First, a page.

On November 15, 2011, Dr. Cyril Wecht, the celebrity forensic pathologist from Pittsburgh, Pennsylvania, appeared on the "Dr. Phil" television show to voice his professional opinion regarding the cause and manner of Rebecca Zahau's strange and sudden death. Dr. Wecht, at the behest of attorney Anne Bremner, had performed a second autopsy of the victim's exhumed body. While he found Dr. Lucas' initial autopsy thorough, Dr. Wecht questioned the medical examiner's suicide manner of death determination. Wecht said the four hemorrhages beneath the scalp could not have been caused by hanging. "You have to have blunt force trauma for that," he said. "You have something of a rounded, smooth surface that impacts against the scalp, this not producing a laceration." According to Dr. Wecht, Zahau could have been knocked unconscious, which would explain why her body did not have any defense wounds from a struggle. The former coroner of Allegheny County agreed that the woman had died from hanging, but believed her manner of death should be changed from "suicidal" to "undetermined."

     Dina Shacknai, Max Shacknai's mother, in order to acquire the boy's autopsy photographs, filed a suit against the San Diego Medical Examiner's Office on April 12, 2012. Dina and her supporters were looking for proof that someone had murdered the 6-year-old boy. They did not believe the wounds on his head had been caused by the fall. (It's not clear if they suspected Rebecca or her sister Xena, or what motive they assigned to the homicide.)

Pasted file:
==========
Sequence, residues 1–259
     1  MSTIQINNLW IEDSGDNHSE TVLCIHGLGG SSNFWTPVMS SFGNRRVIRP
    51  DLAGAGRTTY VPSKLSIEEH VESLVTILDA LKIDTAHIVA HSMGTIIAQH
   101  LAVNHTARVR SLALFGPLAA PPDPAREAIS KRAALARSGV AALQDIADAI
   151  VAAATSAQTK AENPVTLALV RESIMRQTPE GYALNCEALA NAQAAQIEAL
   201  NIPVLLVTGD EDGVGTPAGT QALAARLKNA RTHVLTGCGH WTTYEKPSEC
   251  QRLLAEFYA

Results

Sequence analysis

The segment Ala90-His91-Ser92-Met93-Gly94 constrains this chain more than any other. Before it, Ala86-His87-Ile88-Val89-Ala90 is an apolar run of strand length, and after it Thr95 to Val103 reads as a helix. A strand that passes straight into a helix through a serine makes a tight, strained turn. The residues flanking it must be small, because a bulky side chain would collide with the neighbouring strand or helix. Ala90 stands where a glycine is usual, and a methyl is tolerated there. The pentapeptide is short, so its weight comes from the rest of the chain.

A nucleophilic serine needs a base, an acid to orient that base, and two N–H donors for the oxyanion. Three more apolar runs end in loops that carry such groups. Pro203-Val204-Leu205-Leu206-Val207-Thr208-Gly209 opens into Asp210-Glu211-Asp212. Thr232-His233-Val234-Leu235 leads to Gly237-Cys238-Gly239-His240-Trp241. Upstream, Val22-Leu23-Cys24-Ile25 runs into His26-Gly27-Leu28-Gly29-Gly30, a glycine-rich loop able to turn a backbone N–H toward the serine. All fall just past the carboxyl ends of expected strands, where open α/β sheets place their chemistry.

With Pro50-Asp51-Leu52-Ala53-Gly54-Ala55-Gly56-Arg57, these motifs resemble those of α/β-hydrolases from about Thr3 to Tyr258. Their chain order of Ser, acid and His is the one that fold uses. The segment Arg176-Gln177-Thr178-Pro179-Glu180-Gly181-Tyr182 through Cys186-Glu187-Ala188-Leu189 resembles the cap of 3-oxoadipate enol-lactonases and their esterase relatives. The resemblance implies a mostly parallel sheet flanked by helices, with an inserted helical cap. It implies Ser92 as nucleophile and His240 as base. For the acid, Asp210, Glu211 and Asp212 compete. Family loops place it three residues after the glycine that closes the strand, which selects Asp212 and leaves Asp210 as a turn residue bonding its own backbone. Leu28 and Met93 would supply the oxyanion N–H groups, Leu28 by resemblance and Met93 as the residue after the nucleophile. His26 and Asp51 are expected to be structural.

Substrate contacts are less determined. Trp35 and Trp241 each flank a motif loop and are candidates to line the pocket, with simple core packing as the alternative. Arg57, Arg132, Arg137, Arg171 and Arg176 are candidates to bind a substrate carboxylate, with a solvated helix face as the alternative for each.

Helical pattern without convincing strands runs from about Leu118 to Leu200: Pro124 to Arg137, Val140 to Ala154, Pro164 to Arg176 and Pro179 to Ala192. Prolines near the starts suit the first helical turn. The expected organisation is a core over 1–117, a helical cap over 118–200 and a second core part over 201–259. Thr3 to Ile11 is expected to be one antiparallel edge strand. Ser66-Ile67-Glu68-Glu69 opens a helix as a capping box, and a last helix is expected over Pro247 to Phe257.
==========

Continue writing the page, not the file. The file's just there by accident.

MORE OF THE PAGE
On July 16, 2012, the one-year anniversary of Max Shacknai's death, Dina Shacknai and her attorney, Angela Hallier, held a press conference in Phoenix. According to the lawyer, the family possessed information from "privately retained experts" that proved the 6-year-old had been murdered at the Coronado mansion.

     On August 6, 2012, a spokesperson for the Coronado Police Department confirmed they had met with Dina Shacknai and her attorney regarding Max Shacknai's death. Police investigators agreed to read the report containing the opinions of forensic scientists who believed the boy could have been murdered. One of those experts, Dr. Judy Melinek, a forensic pathologist with the San Francisco Medical Examiner's Office, reportedly believed that Max was too small to have gone over the balcony railing. Moreover, she believed his head injuries were not consistent with a fall.